LONG BEACH, Calif. (AP) In the third race of his IndyCar career, Josef Newgarden found himself starting on the front row alongside a champion at one of the series’ storied events. The rookie was determined that day to show he wouldn’t back down from Dario Franchitti on the streets of Long Beach.
So Newgarden tried to snatch the lead away from the four-time series champion as they hurtled into the first turn at the start of the 2012 race.
Franchitti’s answer? He wrecked the kid.
Newgarden didn’t make a single lap and Franchitti taught him a valuable lesson that has furthered Newgarden’s career.
“It was my inexperience and not knowing that was a bad decision,” Newgarden said. “The more you drive, the more you get to learn your competition, the more you know what to do and what not to do around certain people. Obviously, that was a bad decision against Dario. He obviously didn’t look at it very well, and you saw what happened.
“If I learned anything, it’s that, know your competition.”
Newgarden is no longer that 21-year-old newcomer fighting his way every race while driving for Sarah Fisher’s tiny team. He’s now the IndyCar champion, driving for Roger Penske, and goes into Sunday’s race at Long Beach as the points leader.
He took over the top of the standings following last Saturday night’s race in Phoenix, where he used new tires to catch leader Robert Wickens on the final restart and then laid in wait until he could pounce on Wickens for the win.
It was a perfect example of on-track maturation.
“I was very patient with Robert, I didn’t force it. Like, I could have (passed him) the first time,” Newgarden said. “I think you kind of learn that over years in this sport that you don’t have to rush everything. You get better knowing what to do when and how. There are times to force stuff and there are times to take it easy, and I feel like I’ve gotten better with that.
“The more years you run, the more you understand when to go and when not to go, and when I went on Robert, it was time to go. You learn that through experience.”
Which means Newgarden is finally poised to grab a big finish at this historic event. In six previous starts, Newgarden has crashed out of the race twice he was in a bizarre 2014 multi-car crash when contact from Ryan Hunter-Reay knocked the top contenders out of the event and didn’t earn his first podium finish until last year when as a Penske driver.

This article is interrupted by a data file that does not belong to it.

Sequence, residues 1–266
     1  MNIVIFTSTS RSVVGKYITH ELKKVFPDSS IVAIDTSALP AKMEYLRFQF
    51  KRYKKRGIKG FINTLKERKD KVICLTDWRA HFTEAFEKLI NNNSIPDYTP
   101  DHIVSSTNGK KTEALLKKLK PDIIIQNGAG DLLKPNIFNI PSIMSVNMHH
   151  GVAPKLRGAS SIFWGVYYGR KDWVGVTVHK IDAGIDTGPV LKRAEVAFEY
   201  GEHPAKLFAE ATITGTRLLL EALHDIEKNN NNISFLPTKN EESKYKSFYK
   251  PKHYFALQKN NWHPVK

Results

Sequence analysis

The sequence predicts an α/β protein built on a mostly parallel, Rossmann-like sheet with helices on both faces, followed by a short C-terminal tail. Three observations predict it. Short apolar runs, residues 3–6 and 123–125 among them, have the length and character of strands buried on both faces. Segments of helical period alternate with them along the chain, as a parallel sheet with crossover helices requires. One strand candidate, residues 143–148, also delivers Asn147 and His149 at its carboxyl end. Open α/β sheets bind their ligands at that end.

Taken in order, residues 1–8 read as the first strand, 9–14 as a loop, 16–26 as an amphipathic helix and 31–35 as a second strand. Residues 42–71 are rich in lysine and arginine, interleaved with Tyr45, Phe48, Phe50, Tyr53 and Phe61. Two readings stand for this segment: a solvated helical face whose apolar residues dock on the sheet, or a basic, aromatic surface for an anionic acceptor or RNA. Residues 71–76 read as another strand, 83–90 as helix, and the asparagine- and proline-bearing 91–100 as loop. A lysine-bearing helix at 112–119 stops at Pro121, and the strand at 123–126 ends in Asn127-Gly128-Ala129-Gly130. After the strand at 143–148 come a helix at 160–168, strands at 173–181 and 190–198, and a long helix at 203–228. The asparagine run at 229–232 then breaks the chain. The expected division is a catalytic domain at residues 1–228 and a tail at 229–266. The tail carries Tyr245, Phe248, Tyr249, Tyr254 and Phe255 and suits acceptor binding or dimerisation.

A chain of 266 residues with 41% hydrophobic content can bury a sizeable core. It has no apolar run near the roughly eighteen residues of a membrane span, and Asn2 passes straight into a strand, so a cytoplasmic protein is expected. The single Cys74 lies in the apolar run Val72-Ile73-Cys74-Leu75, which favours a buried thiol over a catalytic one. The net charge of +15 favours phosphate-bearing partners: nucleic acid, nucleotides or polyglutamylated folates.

His troubles at Long Beach predate IndyCar, too. Newgarden was leading the 2011 Indy Lights race until he crashed in Turn 8 with two laps remaining.
“I always felt like I could have a good race here, it’s just never materialized,” Newgarden said. “I don’t know if it owes me, but I feel like I’m able to get something down here at some point.”
His weekend has not been trouble free. He wasn’t great in opening practice and was late to IndyCar’s mandatory driver weigh-in and was penalized 10 minutes in another practice session. But Newgarden’s confidence is stellar and now in his second season with Team Penske he’s comfortable in his environment.
Newgarden relocated from Indianapolis to Charlotte, North Carolina, when he was hired by Penske and now a championship and a year after the move, he’s proven to be of Penske material.
“It’s crazy to me, we show up, we’ve got the black pants, white shirt I grew up seeing those people and to be a part of that now? I never thought Roger would hire me. I never thought that would happen,” Newgarden said. “So it’s always weird when I look down at my uniform and see I’m part of the group. You feel good being part of it and it’s fun to be part of Team Penske and the atmosphere and system. I feel a lot of pride to be part of it, and that they trust me, and they trust me inside in the car and it makes me feel really good about what I’m doing.”
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